- The Washington Times - Monday, December 9, 2013

One of Congress’ staunchest critics of Obamacare released a report Monday that cheers on legal challenges to the overhaul and says the White House overstepped its authority by delaying aspects of the law.

Sen. Ted Cruz, Texas Republican who helped engineer a lengthy government funding stalemate earlier this year in a bid to block money for the new health care law, said many aspects of the Affordable Care Act are “constitutionally or statutorily suspect” and that the entire law should be repealed.

While a repeal is unlikely so long as Democrats control the Senate and White House, Mr. Cruz said President Obama deserves flak for taking unilateral steps to put off portions of the law, saying the president and fellow Democrats were responsible for this summer’s government shutdown.

“Democrats forced a government shutdown instead of agreeing to a congressional delay of Obamacare, but now the Obama administration is unilaterally delaying it,” he wrote in his report. “This undermines the rule of law.”

The White House has argued they are open to improving Mr. Obama’s signature law and that they’re being flexible by putting off certain portions.

In July, the Obama administration announced a one-year delay of the employer mandate requiring larger firms to provide health insurance to full-time employees. Republicans criticized the move as an attempt to implement an unpopular provision after the mid-term elections.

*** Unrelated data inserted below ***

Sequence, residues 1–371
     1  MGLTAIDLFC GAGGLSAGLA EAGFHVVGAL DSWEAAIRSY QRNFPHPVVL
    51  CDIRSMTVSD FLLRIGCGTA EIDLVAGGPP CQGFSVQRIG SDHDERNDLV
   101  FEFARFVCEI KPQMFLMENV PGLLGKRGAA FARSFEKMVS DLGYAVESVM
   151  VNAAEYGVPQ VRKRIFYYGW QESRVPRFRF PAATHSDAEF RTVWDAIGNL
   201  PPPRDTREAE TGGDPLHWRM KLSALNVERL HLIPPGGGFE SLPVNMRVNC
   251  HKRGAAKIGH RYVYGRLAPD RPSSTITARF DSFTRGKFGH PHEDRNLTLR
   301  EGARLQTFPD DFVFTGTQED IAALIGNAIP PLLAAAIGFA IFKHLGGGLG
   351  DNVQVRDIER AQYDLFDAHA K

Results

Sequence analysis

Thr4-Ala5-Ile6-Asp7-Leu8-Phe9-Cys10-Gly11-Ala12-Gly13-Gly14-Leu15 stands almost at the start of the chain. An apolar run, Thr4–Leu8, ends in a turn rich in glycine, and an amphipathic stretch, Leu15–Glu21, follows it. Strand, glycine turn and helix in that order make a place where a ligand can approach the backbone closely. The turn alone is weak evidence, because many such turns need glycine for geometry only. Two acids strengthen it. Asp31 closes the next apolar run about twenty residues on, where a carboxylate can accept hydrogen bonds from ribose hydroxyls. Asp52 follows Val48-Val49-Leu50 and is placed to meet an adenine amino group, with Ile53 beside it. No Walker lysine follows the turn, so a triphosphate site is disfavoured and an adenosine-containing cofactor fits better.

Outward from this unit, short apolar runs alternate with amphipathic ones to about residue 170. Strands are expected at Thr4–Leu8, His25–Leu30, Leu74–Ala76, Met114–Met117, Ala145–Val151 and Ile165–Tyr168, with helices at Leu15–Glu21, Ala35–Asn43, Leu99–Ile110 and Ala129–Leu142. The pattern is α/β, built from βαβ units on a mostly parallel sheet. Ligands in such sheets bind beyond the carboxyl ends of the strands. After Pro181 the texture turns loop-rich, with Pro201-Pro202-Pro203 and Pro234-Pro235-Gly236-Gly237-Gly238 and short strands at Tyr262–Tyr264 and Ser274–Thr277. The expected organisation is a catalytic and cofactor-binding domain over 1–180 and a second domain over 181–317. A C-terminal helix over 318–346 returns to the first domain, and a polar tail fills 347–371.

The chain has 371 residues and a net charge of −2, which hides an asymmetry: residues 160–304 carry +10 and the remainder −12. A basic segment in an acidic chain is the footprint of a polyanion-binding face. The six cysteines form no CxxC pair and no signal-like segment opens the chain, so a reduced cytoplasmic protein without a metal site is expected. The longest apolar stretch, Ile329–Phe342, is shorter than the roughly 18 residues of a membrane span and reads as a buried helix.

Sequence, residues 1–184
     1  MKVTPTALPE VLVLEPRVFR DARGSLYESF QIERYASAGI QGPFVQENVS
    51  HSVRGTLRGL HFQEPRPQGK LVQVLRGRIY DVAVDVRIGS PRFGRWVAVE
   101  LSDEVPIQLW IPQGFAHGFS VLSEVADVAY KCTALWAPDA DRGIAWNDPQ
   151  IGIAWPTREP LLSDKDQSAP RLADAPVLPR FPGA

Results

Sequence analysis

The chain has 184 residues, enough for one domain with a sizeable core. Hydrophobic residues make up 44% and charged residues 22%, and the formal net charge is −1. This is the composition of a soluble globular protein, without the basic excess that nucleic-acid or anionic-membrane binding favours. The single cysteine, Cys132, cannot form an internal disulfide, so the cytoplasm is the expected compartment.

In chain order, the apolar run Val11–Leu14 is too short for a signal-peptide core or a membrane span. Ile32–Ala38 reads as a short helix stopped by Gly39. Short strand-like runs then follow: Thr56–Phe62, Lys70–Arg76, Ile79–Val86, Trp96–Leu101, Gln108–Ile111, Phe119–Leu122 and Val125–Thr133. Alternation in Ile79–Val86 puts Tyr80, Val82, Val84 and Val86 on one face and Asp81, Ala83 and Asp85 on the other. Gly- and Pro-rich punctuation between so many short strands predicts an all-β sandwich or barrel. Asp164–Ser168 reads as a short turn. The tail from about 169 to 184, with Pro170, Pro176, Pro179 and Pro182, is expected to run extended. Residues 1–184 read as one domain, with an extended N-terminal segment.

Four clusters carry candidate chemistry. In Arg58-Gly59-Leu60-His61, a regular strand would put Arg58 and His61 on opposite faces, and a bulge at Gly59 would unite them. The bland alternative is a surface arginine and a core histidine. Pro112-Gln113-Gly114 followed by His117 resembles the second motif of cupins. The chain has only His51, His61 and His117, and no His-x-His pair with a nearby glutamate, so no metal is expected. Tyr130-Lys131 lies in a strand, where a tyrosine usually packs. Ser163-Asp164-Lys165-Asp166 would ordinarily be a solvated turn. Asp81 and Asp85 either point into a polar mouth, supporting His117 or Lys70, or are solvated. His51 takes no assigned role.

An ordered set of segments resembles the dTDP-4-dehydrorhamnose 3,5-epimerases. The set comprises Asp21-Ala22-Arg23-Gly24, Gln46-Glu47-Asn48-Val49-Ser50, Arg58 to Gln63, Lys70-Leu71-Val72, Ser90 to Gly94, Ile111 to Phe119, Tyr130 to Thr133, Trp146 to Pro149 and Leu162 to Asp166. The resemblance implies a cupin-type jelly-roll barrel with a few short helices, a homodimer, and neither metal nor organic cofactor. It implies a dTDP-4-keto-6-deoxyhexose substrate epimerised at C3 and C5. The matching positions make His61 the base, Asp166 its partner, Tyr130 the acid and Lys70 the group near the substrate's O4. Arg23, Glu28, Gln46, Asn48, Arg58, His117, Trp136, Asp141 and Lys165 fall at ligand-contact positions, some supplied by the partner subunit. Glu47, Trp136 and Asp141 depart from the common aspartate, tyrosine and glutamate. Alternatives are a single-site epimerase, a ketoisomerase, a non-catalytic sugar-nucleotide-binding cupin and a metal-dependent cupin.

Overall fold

Mr. Cruz’s report also notes delays to a cap on out-of-pocket health expenses, that Mr. Obama is allowing people to renew for one-year plans that do not meet the law’s requirements. Federal lawmakers and staff are also able to keep a generous employer subsidy to pay for premiums even though they are now forced under the law to get their insurance through an Obamacare exchange.

“Obamacare does not allow ‘official’ congressional staff to continue receiving pre-Obamacare federal health insurance plans; instead these staff are forced to go through the Obamacare exchanges to purchase health insurance,” he said. “So just like average Americans, these individual congressional staffers will have to purchase a plan for themselves.”

Mr. Cruz will avoid the debate, personally, because he will obtain his health coverage from his wife’s employer, a spokesman has said.

The outspoken freshman senator also said the health care law violates the Constitution’s so-called origination clause, because it raises revenue but the bill did not originate in the House. Instead, he said, Democrats played a “shell game” by stripping out language from an unrelated House bill to replace it with the health law.

He also comes down on the side of plaintiffs leading two high-profile legal challenges to the law.

His report says the Obama administration infringed on business owners’ religious freedoms by forcing larger corporations to insure contraception, and that it violated the plain language of the health care law by extending premium subsidies to states that let the federal government run their exchanges.

The Supreme Court is taking up the contraception case this term, and a federal judge is expected to rule on the subsidies issue later this month.

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